Residents Of New York City Building Vote To Remove Trump’s Name From Building Signage
Residents of an apartment complex in Manhattan voted to remove the words “Trump Place” from the building’s exterior Wednesday, becoming the fourth formerly owned Trump property in the area to do so.
Nearly 70 percent of the building’s residents who participated in the vote supported the re-branding the condominium and distancing it from the the president.
The building’s board members passed a resolution to take down the signage on the building soon after, and plans on removing Trump’s highly visible moniker from the building.
This move will not change the building’s legal name, 200 Riverside Boulevard at Trump Place.
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Residents had sought to remove Donald Trump’s logo from the building’s facade shortly after the 2016 election, but were held from doing so after receiving a letter from the Trump Organization threatening legal action.
“Please be advised that [removing the signs] would constitute a flagrant and material breach of the License Agreement,” Alan Garten, chief legal officer for the Trump Organization, wrote in March 2017.
The building, which Trump had helped develop in the 90s, had entered into a licensing agreement with the real estate magnate in 2000 to use Trump’s name on its signs.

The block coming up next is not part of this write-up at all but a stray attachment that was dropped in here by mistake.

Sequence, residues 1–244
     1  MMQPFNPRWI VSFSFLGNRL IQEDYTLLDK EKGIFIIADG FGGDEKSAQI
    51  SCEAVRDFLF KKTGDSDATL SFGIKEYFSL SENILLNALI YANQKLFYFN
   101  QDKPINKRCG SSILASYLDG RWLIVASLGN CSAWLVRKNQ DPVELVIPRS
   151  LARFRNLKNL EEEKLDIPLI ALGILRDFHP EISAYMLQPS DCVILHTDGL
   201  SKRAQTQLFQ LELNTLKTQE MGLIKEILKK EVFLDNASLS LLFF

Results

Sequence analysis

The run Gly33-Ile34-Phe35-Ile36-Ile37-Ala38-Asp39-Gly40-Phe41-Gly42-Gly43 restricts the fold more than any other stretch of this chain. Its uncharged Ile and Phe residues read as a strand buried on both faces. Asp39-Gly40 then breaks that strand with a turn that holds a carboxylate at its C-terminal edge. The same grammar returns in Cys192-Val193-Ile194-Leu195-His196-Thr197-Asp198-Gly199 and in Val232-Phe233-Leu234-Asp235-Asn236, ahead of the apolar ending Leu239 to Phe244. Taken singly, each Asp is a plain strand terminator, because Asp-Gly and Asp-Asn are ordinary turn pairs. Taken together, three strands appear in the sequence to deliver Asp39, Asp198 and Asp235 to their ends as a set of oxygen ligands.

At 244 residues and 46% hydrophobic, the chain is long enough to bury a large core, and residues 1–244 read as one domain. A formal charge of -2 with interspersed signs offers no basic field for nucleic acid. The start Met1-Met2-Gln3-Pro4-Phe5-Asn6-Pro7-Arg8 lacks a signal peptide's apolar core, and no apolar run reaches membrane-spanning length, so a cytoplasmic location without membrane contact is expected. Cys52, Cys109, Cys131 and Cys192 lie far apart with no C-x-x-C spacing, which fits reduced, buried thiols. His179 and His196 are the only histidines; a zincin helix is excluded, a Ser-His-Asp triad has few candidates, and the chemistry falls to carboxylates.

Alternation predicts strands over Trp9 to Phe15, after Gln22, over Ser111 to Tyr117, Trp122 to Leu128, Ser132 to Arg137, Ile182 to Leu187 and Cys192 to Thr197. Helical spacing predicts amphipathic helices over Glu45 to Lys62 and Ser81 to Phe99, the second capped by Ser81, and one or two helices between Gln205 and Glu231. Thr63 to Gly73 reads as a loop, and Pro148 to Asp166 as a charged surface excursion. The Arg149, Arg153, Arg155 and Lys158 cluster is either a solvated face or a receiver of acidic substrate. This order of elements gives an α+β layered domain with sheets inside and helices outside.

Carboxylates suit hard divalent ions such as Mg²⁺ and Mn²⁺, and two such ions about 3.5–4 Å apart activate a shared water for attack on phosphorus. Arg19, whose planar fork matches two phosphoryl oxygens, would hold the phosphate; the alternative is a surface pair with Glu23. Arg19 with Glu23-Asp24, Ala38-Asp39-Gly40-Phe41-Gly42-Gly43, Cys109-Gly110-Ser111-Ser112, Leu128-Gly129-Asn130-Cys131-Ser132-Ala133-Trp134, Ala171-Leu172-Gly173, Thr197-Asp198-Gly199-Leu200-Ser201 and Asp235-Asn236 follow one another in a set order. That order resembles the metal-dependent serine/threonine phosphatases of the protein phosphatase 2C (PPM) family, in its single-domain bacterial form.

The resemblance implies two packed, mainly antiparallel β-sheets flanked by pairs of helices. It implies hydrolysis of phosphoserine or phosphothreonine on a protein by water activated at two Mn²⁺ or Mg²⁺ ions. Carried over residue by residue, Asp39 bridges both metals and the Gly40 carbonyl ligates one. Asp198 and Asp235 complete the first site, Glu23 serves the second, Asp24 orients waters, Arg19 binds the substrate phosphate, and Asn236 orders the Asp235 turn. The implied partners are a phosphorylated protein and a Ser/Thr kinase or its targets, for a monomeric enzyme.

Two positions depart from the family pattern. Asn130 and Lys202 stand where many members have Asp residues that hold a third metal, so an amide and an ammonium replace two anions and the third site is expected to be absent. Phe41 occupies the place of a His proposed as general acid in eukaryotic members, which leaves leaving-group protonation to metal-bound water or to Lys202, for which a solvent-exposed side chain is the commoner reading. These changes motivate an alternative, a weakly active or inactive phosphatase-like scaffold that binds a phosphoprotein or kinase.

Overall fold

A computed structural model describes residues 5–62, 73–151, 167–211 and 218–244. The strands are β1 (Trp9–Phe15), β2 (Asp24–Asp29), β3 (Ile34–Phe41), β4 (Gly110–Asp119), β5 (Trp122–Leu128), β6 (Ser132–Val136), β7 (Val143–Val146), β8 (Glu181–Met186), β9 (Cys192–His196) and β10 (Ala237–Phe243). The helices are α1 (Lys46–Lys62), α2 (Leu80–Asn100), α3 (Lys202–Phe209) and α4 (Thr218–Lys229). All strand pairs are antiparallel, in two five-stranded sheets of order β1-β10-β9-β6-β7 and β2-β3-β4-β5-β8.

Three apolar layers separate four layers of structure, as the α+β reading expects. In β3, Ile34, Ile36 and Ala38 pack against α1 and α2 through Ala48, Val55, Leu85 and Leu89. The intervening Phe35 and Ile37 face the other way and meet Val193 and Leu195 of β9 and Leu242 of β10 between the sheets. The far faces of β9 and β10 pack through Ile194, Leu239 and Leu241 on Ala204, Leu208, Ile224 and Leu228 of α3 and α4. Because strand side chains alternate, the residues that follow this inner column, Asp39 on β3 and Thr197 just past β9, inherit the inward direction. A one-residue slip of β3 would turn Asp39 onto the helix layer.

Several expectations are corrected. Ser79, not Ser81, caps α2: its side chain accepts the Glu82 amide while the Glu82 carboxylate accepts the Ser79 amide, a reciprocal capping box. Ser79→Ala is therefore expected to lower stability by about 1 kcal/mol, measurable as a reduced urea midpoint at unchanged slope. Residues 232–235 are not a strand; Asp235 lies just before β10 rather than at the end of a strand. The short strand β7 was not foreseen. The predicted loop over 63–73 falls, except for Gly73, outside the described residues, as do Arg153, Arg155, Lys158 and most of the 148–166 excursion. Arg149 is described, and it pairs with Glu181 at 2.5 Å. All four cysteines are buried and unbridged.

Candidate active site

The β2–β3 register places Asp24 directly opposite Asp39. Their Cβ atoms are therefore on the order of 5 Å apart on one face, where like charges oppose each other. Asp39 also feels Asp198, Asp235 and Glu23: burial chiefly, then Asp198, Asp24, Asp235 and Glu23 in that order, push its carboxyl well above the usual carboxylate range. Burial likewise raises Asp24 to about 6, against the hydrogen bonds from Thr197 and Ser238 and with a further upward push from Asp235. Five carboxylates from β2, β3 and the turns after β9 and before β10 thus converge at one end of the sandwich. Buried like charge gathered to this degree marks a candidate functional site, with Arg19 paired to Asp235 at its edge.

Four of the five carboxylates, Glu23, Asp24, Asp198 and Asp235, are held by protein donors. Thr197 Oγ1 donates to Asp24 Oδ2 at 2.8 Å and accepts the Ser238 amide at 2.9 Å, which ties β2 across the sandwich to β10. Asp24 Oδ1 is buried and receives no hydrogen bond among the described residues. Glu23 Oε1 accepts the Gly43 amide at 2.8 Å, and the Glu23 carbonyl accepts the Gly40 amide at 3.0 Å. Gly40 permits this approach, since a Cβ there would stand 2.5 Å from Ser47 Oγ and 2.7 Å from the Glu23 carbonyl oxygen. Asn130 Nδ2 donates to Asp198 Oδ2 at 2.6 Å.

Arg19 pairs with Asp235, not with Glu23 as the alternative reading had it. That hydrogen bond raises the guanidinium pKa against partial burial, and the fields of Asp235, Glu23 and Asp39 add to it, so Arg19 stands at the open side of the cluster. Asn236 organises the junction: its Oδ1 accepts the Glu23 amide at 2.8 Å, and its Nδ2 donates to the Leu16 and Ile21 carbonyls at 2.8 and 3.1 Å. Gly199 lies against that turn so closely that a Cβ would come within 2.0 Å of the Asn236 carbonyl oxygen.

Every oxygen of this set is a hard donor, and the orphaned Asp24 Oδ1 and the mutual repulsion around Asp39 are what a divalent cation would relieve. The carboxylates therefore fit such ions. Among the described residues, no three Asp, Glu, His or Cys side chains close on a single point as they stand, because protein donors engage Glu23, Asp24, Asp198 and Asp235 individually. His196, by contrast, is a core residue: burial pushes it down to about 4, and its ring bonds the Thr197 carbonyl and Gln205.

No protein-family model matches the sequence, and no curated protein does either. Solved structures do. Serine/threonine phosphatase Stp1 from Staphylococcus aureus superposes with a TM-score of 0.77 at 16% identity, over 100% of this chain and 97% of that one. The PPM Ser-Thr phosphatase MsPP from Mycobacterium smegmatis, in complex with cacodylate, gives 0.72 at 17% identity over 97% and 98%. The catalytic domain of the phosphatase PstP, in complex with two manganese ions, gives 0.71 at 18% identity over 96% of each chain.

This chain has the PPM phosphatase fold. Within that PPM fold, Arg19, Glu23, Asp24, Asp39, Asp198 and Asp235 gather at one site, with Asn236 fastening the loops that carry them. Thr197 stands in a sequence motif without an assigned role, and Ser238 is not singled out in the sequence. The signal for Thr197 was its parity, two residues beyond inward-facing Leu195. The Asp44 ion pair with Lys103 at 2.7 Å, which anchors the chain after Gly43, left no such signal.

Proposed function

But instead of bowing to the Trump Organization’s threat, the building’s directors took matters into their own hands and filed a lawsuit against the Trump Organization earlier this year.
They claimed the licensing agreement they had with the Trump Organization to pay $1 to use the president’s name did not prevent them from taking down the signs if they wished.
Judge Eileen Bransten, the judge in-charge of the case, ruled in favor of the building, granting them the right to remove the signage on the stipulation that the board members get the resident’s approval.
“We are pleased to have resolved this matter democratically,” members of the Upper West Side building’s board wrote in an email to residents. “Our entire community has engaged in a thorough and respectful deliberative process regarding how to address the signage on our building … We encourage everyone to move forward and respect the will of the community.”
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